It is a settled position now that the use of fetters should be resorted to as a last refuge and prior permission of the magistrate is required for handcuffing offenders while producing them before courts, intimating the reasons for the imposition of fetters. The Supreme Court, in its 1995 judgment in Citizens for Democracy vs State of Assam and Ors., passed a slew of directions on handcuffing of prisoners, making its stand on fetters clear and binding.

It said:

  • Handcuffs or other fetters shall not be forced on a prisoner—convicted or undertrial while lodged in a jail anywhere in the country or while transporting or in transit from one jail to another or from jail to court and back.
  • The police and jail authorities, on their own, shall have no authority to direct the handcuffing of any inmate of a jail in the country or during transport from one jail to another or from jail to court and back.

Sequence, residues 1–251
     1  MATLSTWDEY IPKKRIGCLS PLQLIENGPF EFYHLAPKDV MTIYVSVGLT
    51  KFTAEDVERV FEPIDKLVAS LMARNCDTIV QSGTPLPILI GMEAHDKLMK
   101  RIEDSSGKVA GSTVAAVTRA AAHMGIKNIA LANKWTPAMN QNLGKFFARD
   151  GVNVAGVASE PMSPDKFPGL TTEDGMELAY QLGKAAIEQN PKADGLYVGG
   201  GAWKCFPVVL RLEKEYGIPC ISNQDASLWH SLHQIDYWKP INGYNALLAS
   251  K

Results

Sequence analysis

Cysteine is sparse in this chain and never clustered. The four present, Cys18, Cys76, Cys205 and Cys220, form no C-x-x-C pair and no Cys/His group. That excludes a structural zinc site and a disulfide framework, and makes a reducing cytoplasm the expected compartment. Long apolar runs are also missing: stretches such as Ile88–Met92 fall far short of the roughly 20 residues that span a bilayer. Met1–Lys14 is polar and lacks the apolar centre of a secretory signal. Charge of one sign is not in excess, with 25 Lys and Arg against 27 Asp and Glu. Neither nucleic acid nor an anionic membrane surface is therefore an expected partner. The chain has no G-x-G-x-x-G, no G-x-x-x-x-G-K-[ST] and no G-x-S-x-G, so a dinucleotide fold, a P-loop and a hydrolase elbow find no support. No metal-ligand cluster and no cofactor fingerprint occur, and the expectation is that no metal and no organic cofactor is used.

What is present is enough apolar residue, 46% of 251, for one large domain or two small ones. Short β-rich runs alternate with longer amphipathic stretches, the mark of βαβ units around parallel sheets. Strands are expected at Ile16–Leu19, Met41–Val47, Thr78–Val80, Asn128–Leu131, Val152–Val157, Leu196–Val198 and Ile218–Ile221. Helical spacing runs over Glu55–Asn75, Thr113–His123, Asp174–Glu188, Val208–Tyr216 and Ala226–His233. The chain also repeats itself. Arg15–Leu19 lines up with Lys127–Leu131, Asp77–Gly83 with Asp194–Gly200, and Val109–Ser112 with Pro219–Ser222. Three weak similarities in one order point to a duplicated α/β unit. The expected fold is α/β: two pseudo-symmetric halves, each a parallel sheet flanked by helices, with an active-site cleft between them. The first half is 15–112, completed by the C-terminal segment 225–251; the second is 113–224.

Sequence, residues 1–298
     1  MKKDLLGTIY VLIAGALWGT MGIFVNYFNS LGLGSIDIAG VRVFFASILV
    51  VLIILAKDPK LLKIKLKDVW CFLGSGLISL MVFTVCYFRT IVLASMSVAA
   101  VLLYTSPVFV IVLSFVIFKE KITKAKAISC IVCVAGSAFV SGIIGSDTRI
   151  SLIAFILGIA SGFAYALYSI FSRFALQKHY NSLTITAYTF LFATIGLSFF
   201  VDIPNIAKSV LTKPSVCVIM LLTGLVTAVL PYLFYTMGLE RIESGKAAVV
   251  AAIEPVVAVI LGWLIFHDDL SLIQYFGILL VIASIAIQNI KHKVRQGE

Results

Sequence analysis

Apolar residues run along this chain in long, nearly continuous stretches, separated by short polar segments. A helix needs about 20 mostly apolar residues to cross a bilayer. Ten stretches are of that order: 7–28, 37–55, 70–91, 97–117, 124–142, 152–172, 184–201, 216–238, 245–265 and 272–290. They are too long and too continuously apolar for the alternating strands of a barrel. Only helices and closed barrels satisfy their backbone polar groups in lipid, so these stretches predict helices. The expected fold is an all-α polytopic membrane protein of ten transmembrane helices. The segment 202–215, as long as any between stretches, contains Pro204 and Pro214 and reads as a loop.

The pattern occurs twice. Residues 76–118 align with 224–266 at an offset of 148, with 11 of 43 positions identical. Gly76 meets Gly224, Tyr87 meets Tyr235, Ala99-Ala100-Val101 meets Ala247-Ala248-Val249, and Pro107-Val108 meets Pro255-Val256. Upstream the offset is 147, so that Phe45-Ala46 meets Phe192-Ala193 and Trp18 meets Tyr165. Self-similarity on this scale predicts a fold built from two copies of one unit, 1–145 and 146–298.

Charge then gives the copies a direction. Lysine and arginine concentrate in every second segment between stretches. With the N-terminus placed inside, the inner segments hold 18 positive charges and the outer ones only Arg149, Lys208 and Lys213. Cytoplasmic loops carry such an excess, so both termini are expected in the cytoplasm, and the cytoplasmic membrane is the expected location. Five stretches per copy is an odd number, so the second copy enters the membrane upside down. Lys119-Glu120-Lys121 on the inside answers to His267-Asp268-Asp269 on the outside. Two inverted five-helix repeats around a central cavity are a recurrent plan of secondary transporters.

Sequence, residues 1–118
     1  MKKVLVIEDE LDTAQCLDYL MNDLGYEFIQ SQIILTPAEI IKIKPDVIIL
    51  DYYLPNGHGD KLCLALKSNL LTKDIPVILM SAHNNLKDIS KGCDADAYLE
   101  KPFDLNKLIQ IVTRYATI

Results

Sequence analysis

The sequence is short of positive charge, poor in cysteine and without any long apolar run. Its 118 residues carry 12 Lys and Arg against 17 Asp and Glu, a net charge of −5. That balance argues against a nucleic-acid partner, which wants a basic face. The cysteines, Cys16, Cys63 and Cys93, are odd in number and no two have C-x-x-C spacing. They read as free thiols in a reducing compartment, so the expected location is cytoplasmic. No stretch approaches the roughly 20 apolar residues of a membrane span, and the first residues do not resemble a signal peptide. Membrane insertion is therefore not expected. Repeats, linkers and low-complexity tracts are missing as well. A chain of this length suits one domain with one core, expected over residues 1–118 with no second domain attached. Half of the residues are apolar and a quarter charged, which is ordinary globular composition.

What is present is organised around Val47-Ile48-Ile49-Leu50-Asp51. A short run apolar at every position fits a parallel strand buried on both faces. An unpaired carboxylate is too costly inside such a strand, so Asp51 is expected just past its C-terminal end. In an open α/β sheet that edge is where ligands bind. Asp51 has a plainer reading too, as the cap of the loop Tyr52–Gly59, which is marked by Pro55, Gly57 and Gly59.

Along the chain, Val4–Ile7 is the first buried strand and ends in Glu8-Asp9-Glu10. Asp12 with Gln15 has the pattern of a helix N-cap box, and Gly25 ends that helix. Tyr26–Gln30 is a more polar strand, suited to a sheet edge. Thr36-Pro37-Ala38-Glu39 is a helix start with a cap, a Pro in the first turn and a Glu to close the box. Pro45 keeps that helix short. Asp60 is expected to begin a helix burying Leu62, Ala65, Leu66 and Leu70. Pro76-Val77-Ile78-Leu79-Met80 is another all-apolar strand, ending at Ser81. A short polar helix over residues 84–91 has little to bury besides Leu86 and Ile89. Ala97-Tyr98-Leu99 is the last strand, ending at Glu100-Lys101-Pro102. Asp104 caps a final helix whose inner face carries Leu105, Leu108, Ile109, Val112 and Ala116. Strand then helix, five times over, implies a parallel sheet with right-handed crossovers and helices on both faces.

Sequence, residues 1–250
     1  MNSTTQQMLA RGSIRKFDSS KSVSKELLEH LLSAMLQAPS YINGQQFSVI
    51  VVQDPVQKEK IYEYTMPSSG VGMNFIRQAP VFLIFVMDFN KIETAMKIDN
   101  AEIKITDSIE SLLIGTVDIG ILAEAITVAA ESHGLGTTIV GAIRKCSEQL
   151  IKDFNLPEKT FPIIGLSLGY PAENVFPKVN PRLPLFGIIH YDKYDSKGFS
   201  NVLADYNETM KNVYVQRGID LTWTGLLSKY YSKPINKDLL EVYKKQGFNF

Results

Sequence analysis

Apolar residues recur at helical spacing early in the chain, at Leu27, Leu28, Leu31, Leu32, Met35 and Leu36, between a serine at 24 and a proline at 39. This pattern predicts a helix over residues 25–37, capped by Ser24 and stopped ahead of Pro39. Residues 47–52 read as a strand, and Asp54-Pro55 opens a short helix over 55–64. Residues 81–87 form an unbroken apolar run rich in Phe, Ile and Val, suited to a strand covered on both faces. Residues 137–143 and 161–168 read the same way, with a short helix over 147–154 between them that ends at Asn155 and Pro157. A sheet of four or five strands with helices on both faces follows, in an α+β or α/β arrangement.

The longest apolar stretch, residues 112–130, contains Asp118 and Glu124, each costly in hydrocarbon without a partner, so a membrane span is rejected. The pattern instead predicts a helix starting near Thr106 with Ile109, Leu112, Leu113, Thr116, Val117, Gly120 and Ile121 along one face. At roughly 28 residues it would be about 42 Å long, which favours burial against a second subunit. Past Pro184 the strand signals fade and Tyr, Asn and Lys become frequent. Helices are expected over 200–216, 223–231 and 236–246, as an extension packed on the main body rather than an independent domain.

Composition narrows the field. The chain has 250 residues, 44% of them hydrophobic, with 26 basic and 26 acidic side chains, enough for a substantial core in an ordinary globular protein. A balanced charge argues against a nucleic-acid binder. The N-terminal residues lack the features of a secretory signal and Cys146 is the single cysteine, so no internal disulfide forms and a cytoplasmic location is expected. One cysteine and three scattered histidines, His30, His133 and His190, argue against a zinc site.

• Where the police or the jail authorities have well-grounded basis for drawing a strong inference that a particular prisoner is likely to jump jail or break out of the custody, then the prisoner shall be produced before the magistrate concerned and a prayer for permission to handcuff him can be made.
  • Save in rare cases of concrete proof regarding proneness of the prisoner to violence, his tendency to escape, he being so dangerous/desperate and the finding that no other practical way of forbidding escape is available, the magistrate may grant permission to handcuff the prisoner.
  • In all the cases where a person arrested by the police is produced before the magistrate and remand—judicial or non-judicial—is given by him, the person shall not be handcuffed unless special orders are obtained from the magistrate at the time of the grant of the remand.